mattpascoe edited this page Dec 7, 2012 · 3 revisions

================== Interface elements

  • If it is an icon, then it is most likely a click-able action. Hover over it to get a small description of what that action might be or maybe some other information.
  • Blue clickable links in a DNs name are the host portion of an FQDN. You can click on it to navigate to the display host page.
  • Green clickable links in a DNS name are the Domain portion of an FQDN. You can click on it to navigate to the display domain page.
  • Orange clickable links are action links that allow you to add or edit data in the system.
  • Binocular icons will popup search boxes that allow you to find other data within the database that may be required for that particular input edit.
  • In an edit dialog, the underlined titles are the required fields. non-underlined titles are optional fields.
  • When searching, if only one record is found the search result window will minimize and you will be taken to the display page for that single record.
  • In the top right of each record list box is a filter field. As you type in this box it will start to filter the existing list. The filter box should have a name of the column it will filter by. It can only filter on one column from the list. If there is not a name in the filter box, it will usually filter on the first column.
  • Just about every row, column, and text in ONA has some sort of tooltip. Hover your mouse over things to find more information of various types.
  • On display screens each of the information boxes can be minimized or maximized using the arrow button in the top right of the boxes title. They do not keep their minimized state and will show up maximized the next time you reach that display page.
  • If you want to get back to the home page or ONA desktop simply close the current work space by clicking the small home icon in the top right of the work space window title, just below the trace bar.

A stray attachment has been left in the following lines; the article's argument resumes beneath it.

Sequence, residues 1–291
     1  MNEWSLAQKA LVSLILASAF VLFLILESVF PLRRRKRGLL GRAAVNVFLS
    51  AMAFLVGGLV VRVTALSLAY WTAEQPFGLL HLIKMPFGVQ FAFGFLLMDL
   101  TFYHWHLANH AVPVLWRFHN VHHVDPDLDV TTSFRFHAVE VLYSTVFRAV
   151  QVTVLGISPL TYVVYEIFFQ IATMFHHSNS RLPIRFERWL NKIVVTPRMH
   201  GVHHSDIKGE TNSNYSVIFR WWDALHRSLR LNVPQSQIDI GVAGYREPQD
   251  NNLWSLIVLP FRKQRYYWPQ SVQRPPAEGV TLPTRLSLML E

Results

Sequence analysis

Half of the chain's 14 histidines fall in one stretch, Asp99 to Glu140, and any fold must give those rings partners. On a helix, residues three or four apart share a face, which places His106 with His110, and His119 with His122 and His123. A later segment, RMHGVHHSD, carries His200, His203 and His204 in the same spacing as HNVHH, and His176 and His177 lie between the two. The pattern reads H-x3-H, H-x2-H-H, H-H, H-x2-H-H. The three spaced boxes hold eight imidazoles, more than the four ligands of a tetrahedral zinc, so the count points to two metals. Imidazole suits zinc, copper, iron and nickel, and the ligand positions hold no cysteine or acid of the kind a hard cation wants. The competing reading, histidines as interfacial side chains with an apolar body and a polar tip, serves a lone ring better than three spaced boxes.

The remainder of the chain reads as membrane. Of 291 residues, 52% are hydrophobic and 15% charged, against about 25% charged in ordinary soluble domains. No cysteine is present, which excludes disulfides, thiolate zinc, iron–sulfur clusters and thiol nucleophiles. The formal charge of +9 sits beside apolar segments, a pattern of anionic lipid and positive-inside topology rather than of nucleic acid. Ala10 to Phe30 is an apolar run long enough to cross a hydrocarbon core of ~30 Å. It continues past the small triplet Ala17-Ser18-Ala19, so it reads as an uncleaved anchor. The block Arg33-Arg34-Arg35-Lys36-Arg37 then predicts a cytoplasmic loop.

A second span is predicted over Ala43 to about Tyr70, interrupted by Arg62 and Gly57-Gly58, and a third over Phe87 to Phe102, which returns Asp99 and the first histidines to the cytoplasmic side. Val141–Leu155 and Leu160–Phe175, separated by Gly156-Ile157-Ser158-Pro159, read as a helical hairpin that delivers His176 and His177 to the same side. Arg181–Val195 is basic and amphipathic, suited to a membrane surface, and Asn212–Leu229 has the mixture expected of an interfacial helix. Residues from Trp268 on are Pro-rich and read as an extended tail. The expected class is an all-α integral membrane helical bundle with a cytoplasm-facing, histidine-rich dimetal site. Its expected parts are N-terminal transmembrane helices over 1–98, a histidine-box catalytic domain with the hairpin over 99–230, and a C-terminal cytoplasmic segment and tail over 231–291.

Data hierarchy

The following is the basic order of things that must exist before the next item can be added.

  1. DNS Domain First you will need a namespace or DNS domain to store the names of your hosts. The install process initializes the first domain for you.
  2. Subnet An IP network is nothing without subnets to put hosts on. These are the things you configure on a router so that the devices down stream can talk to the rest of the world so it is fitting that you would add them as the first thing to the ONA database.
  3. Host Now that you have a domain and some subnets, you will want to track various devices that are connected to your network. You will start by adding hosts to these subnets. The way you do that is by assigning an IP address (or interface). From a data perspective, you can not add an IP address to a subnet without a host and subnet to associate it with. When adding hosts you will actually provide a unique name within one of your domains and an IP address that is available on one of your existing subnets. You can provide other host level attributes like device type and MAC address as well.
  4. Interface Now that we have hosts and subnets we can add interfaces. As mentioned in the host section, when adding a host you will be adding at least one interface for that host as well. Some hosts however have more than one IP address on them. You can add as many IP addresses as you wish to existing hosts as long as there is an existing subnet in the database that they would fall within. If you are adding a new IP make sure you are not creating a new host for that IP if it should really be added to an existing host.
  5. DNS records Now that we have all of the above, we can start adding more DNS records if needed. A DNS record (depending on its type) requires existing IP addresses within the database. When adding a host, you will be prompted to add the first DNS A record (Primary DNS name). You can then add other DNS records to your hosts but be sure that the IP already exists on a host before you try to add that A record that would use it.